I don’t write reviews. Rambling sermons about whatever research or observations are in the forefront of my brain: That’s more my thing. Lately though, politics have been invading more and more of both my waking, and nightmaring lives. And it’s in the best interest of myself and those I care about that I fight off the urge to go full-on Spider Jerusalem (again) for as long as I can.
My alarm went off too early. Like it always does. Like everyone’s always does. I want to argue with the screeching little banshee but’ll settle for it to just stop yelling at me. I’m not sure if it’s codependency or Stockholm Syndrome but I’m sure my love/hate relationship with my phone will some day be in the DSM. One of these days I’m going to nail the fucker to my front door as a warning. But not today. After a quick brushing my dentist will lecture me about later, I was putting the setting sun in my rear view. For the next few hours it’d be just me and my phone singing strange esoteric shit to each other. Back on good terms. One of the problems with liking arcane musick is that when you tell folks you’re to see Ceschi and P.O.S, they have no clue how fucking cool that is.
I’m one of the people who likes to be there as soon as the doors open. I’ve no logical reason for this other than I like to mill about and get a feel of the place before it fills up with meat, sweat, and hair. Figure out where the bars, merchandise, and emergency exits are. In case I get wasted, flip the tables like Jesus driving out the money changers from the temple, and have to make a break for it. I guess? I don’t know.
The Sinclair is a decent mid-sized venue. It’s clean, but not uncomfortably so, the staff is friendly, and the bar is decently stocked. I usually prefer my clubs smaller and dirtier, but overall this place manages to hold on to an “authentic” feel, even though the stage is five fucking feet high. The last time I was here, to see DoomTree, the huge stage made sense. After all, the group has 81 members and you can’t stack them like cord-wood – they’re far to wriggly and never stay where you put them. That’d been a very frenetic show. With all the members of the crew taking turns crisscrossing the stage, it had about as much energy and movement as an Olympics opening ceremony. Now, standing in that almost empty hall it seemed strange to imagine Ceschi with his guitar filling that space.
The last time I saw Ceschi was with Factor Chandelier opening for Astronautalis (Do yourself a favor and buy This is Our Science). That was across town at the Great Scott, a venue so intimate the stage is only a foot high. For all those brave enough to be in the splash-zone of spittle and spilled poison, this puts most performers’ crotches about face-level – which is all fine and good until a quick shove from the mosh-pit and you windup head-butting the person your looking up to in the junk. Oopsie. Sorry.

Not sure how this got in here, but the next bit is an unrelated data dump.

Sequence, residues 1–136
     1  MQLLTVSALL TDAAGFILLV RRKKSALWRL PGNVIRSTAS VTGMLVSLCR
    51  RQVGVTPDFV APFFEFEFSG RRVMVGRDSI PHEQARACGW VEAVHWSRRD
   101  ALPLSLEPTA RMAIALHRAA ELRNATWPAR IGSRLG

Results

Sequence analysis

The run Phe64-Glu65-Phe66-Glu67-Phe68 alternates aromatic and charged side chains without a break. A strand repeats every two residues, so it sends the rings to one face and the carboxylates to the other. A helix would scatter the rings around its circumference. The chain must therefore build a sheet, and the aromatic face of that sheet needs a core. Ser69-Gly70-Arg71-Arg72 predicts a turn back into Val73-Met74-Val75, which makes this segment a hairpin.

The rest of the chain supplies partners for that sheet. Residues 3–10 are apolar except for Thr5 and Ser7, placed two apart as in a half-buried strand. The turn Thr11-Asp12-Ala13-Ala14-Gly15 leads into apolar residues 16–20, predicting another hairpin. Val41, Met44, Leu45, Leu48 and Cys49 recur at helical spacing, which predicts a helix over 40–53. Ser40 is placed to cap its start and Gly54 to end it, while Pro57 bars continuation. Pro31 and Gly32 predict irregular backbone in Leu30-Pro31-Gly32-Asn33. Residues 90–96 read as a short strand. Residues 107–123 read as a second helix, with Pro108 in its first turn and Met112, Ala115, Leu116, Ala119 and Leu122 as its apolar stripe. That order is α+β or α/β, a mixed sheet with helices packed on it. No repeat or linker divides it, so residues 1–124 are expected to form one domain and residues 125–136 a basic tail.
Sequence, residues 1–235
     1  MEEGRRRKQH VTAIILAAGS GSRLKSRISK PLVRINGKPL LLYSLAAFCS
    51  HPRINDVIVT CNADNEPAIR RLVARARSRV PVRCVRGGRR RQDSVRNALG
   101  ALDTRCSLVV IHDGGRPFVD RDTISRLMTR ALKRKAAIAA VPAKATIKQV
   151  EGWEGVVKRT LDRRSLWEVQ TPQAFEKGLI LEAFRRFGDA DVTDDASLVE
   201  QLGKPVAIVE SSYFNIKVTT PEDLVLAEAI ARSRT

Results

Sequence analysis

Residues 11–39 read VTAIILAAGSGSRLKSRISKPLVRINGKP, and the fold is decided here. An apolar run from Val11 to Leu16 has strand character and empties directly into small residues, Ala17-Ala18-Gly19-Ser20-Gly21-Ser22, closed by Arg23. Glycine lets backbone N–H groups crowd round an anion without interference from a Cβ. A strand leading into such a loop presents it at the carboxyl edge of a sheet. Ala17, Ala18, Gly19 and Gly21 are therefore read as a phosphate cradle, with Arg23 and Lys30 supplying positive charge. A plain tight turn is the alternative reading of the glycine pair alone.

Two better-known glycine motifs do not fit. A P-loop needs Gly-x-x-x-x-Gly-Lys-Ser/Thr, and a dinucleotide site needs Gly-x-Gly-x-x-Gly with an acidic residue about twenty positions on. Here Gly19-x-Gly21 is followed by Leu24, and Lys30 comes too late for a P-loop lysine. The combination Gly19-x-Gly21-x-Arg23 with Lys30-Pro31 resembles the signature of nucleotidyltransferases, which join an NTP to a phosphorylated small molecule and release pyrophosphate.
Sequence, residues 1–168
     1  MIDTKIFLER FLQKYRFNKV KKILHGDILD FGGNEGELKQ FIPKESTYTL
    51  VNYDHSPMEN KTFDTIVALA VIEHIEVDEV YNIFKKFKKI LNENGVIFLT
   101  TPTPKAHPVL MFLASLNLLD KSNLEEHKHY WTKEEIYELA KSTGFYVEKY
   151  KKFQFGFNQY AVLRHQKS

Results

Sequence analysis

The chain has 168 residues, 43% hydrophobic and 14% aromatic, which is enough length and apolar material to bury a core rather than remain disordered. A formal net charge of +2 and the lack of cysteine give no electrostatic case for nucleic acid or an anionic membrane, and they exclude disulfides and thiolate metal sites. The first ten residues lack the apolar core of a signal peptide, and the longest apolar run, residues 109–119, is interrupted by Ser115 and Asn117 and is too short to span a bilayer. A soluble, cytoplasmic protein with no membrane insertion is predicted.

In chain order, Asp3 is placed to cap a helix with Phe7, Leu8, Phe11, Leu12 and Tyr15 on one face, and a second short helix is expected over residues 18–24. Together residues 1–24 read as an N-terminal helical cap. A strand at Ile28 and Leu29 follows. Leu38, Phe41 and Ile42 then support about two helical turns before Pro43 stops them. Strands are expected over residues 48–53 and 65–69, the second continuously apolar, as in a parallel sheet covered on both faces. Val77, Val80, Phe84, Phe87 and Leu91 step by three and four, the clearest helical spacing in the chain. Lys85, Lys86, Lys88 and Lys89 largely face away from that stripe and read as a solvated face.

Anyway, the way I remember that show was Ceschi spending more time out in the crowd than on stage, without a mic, and acoustic, doing a lot of beautifully personal, rage-fueled folk-punk. Which until then, I’m embarrassed to admit, I didn’t even know was a thing.
Back at the Sinclair, I looked up at that huge stage and tried to imagine him getting off it without hurting himself.
The place began to fill in with what one might expect to see at a midweek Hip(ster)-Hop show. There were the Harvard crowd and underground music fans – with their dark earth-tones and postures slumped like question marks. Then those one might picture as “typical Bostonians” – People in sports-ball caps, clothes that actually fit, and who stood tall like exclamation points. Oh the diversity; here were beards of almost every texture.
While I sliced through the gaggle, the only person who complimented me on my BusDriver shirt, was Ceschi. If the man isn’t on stage, he’s either working his own merch table, or in the crowd enjoying the other performers and talking to fans. If you go to one of his shows you will meet him. But I must warn you, there seems to be something resplendently down-to-earth, and intimidatingly kind about the man.
The first young man to take the stage was called Hard_R and looked like he was trying to win a Raggedy-Ann look-alike contest. I’m not making fun; I too had a Raggedy-Ann phase when I was his age. But as is often the case with first-openers, I’d never heard of him, and the quality of his sound was what one might expect from his place in the line-up. He was young, and glistening with potential that I’m sure he’ll one day grow into. But he wasn’t who I was there to see.
Next came Transit22. Another guy I’d never heard of, but who had a professional sound you could tell came from years of honing his craft. Transit seemed to have deep lyrics filled with soul churning poetry. At one point he joked with the crowd that he’d discovered a surefire cure for writers block; divorce. When he wasn’t making his words hopscotch over a beat that, in turn, skipped across the air like a stone over the water, he told interesting stories and joked with the crowd.
Apparently, Once upon a time, he made a joke-video that went viral about how easy it is to make pop songs. Then one day an evil king (Gene Simmons of Kiss) , summoned him and asked if he’d trade his soul for being a pop tart for real. Since he was an opener for an underground show, you can guess how that story ended.
Transit was good and made me wanna checkout some of their music. Unfortunately there was a problem getting their merch through customs. So I guess I should go do that now.